Outlaw Star Caster Gun
I was commissioned to make a replica of the Caster gun from the series "Outlaw Star". As an additional challenge, he wanted it to be able to load the shells into the breach.
I started working from the inside-out by making a master for the shell from Bass wood. The shell is about 3" long.
I masked off the design and then sprayed several coats of primer to build up some thickness. When the tape was removed, I had inset markings!
I made a mold of the master and cast five copies in resin. There was some cleanup to do but they came out pretty clean.
I used a PVC pipe for the receiver and drilled a hole for the pivot arm section.
Luckily, a PVC connector was exactly the right size for the pivot...no trimming needed!
I cut off the end cap and plugged it with MDF.
I cut the grip halves from 3/4" MDF.
I planned to use a wood screw combined with epoxy to attach the grip to the receiver.
I carved the recessed areas to the grip.
The slide was made from a section of PVC. I lathed an interior to the cap from MDF.
I cut a slot in the pivot PVC to allow the slide to move through.
The closed slide.
The trigger assembly was made from an acrylic rod with a sliding aluminum tube inserted. The trigger was made from laminated styrene sheets.
I screwed and epoxied the grip to the receiver and capped the pivot with 1/4" MDF.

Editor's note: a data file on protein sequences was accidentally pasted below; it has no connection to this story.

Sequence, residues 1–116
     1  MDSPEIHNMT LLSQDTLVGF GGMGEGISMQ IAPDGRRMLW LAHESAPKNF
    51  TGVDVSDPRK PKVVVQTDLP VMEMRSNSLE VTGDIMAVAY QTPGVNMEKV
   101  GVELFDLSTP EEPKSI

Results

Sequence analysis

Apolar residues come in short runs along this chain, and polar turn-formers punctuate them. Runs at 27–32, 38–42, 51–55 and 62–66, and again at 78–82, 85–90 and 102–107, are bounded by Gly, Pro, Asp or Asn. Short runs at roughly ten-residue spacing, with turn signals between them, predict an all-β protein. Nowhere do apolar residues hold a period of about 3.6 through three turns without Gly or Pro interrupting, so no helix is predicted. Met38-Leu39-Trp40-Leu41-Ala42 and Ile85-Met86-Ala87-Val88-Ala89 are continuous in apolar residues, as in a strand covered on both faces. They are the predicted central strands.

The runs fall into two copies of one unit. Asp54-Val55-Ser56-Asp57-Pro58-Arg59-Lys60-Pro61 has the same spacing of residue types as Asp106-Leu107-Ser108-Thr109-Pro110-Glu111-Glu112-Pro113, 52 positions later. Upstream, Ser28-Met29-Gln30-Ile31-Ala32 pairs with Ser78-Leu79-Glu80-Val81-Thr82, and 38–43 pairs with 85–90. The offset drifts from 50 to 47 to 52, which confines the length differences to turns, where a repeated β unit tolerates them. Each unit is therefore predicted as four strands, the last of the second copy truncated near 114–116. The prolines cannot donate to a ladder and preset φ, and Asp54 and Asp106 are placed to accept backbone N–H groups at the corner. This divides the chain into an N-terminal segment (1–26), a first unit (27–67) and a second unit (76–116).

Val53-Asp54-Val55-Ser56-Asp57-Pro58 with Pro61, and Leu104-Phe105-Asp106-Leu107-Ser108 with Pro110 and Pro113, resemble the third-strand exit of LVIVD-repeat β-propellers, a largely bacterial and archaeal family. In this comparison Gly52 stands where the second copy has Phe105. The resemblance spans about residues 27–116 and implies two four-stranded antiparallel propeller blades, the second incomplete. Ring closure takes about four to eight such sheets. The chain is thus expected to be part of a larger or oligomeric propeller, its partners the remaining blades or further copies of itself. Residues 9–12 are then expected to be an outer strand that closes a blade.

The trigger guard was made from 1/8" styrene with an aluminum rod connecting them. There is a compression spring glued behind the trigger so that it moves forward.
I turned the barrel out of Bass wood on the lathe.
The pivot arms are made from stacked styrene sheets on a steel base.
The brackets that hold the other end of the trigger piston are made from 1/8" styrene. I made a small chisel to carve out the slots in the barrel.
I glued on half-round styrene piping to the gun. The tight curves were heated first.
The piping completed and primered.
The sights were made from 1/8" acrylic rods glued to styrene blocks.
I heat formed styrene rods for the tubes on either side.
The only gold color I could find that matched my screen caps was a Krylon Farm Equipment paint. It has a great industrial texture that makes it look like cast iron.
I back painted green acrylic and inserted it into the barrel.
The vents holes were cut from a thin sheet of styrene. It was glued over reflector tape....
...so that it would glow under a camera flash!
Here is the final assembled gun.
The individual shells painted to show accurate specs. FYI, there are 20 different shells on the show.
Detail of the barrel.
Detail of the receiver.
The arm swivels down and the breach opens.
Detail of the open breach.
A shell inserted.
The shell seated.
I shot a short video of the gun loading in actionCaster Shell Loading